For example, if you put your maximum bid for an item at $26.00 and the current bid with 5 seconds left is $10.50, Gixen will submit your $26.00 bid but if no one else bids on this during that time, you will only pay $11.00 (the next available bid).  Putting in a higher bid does not mean you will be paying more than the cheapest amount allowed by eBay.

You'll notice I put in random cent numbers in my bids.  This is because eBay has minimum bid increase requirements; if an item is $10.50 you may only be able to bid $11.00 or more, not just $10.51 or $10.60.  By putting in these unusual cent numbers, you increase the chance that someone won't be able to win by bidding nearly the same amount.  If I put in $26.60 and someone else puts in $27.00 right after me, and the minimum bid increase in 50 cents, that person will lose to me even though they bid more because their bid did not exceed the next minimum bid of $27.10.  Some auctions have no minimum increase, and some have $1, so since it's hard to tell sometimes I just try to put in a not even dollar amount because hey, it might help.

Gixen offers a service called "Grouping".  Basically, what this means is that if you really want a specific thing and there are multiple auctions for that specific thing, you can put them into a group so that if you win one the rest are automatically canceled.

Let's say you really want some coated J. Brand jeans.  By utilizing the "Group" function seen above where you add a new snipe, you can put in multiple auctions for coated J. Brand jeans and put them all into the same group, here Group 1.

under the item number is the group number

Now let's say you lose the first one: nothing will happen and the rest will remain the same and go one to snipe regularly.  If you continue losing the auctions, the snipes will continue to evaluate normally.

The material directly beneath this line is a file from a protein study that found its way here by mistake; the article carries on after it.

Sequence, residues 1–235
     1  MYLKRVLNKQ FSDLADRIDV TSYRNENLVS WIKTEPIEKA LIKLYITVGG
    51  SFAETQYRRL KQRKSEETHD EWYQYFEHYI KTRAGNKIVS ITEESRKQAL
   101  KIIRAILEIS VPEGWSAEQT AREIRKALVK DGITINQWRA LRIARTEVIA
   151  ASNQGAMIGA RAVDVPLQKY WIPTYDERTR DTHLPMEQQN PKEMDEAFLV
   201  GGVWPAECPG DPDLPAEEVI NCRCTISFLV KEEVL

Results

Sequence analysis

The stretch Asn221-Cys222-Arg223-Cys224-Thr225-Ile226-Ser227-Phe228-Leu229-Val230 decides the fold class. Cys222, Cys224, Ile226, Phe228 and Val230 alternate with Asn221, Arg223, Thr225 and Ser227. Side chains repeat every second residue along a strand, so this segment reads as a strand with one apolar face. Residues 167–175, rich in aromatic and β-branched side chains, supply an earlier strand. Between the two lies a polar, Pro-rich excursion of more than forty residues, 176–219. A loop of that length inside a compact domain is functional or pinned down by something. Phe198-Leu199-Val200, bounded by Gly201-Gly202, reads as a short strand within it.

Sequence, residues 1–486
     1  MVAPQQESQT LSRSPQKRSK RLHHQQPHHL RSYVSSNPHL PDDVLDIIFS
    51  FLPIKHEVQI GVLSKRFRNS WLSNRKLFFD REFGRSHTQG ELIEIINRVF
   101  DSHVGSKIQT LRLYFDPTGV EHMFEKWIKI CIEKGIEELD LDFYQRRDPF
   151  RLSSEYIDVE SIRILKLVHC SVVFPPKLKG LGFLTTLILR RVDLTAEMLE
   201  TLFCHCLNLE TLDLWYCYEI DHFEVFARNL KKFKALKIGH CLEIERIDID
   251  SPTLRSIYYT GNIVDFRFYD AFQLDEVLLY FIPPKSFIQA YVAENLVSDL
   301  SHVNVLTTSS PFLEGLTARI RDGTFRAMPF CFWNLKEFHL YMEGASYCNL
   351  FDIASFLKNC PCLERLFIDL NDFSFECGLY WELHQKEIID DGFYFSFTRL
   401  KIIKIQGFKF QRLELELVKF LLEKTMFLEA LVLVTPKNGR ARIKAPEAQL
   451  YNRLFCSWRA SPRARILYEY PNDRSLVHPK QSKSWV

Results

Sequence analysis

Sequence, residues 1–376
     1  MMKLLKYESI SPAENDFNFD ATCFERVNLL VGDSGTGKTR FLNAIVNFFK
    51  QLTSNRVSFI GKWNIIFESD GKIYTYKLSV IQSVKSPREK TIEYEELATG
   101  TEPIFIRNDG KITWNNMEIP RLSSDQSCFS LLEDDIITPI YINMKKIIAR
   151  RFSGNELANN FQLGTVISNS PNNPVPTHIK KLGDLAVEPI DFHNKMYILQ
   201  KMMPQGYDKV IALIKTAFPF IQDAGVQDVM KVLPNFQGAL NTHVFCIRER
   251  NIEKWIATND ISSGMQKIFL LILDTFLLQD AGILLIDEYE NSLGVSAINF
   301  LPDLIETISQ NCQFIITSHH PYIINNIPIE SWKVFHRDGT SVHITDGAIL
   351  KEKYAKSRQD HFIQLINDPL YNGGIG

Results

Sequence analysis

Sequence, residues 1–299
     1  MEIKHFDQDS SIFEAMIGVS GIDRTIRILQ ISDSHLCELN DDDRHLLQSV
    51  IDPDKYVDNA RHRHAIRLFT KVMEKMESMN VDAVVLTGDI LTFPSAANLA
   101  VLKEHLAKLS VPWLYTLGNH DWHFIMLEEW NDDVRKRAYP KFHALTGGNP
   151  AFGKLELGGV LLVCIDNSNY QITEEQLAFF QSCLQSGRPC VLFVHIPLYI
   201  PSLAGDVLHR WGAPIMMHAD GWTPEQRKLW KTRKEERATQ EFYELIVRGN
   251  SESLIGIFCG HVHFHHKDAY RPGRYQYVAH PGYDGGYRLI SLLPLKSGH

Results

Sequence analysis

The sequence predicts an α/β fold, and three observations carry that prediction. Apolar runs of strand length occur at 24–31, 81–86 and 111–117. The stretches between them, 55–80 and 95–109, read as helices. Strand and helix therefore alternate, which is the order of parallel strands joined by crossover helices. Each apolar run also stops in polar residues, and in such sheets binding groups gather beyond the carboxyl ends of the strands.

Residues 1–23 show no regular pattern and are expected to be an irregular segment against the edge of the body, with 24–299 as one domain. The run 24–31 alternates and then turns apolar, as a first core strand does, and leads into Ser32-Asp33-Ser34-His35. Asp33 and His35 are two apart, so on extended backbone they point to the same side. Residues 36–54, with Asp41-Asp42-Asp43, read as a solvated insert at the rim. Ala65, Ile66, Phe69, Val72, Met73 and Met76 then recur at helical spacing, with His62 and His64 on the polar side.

But what if you lost the first one and won the second?  The difference in time between this auction and the next is very small and so you may not get another chance to go through and delete snipes you don't want from Gixen, but you definitely don't want two pairs of the same coated jeans.  When this happens, since these are grouped together, Gixen automatically disables the final snipe so you don't end up with two of the same thing.  They say to try to make sure your items end within no less than two minutes of each other to ensure that the program doesn't accidentally bid on both items.  This should be easy enough to do, and I have never tempted fate with it.

This feature is one that I use pretty rarely - it's infrequent that I want something super specific and that my available options to get that item end in the same short time period, but it does happen and it's worked wonderfully any time I've used it.

Since I started using eBay avidly, I now like to evaluate my Watch List and Gixen snipes every day or every other day.  It takes a short amount of time and I can keep better mental track of how much money I might be spending.

Since I've started using Gixen I've been getting much better deals - spending less and even though I do lose more auctions, it's rare that I really regret not putting in a higher maximum bid.  Keep in mind that I try for a bunch of things at once (as you can see up at the time!) so even if I lose three quarters of them I'm still getting plenty, and I know that I am getting things cheaply from an objective standpoint and not an auction bidding war induce adrenaline clouded one.

It's simple to use too, despite the old school Web 1.0 appearance.  If I could teach my mom how to get dollar nail polishes using this, I think pretty much anyone could use it.

Has anyone else tried using this program?  Have you had success with it?

No comments:

Post a Comment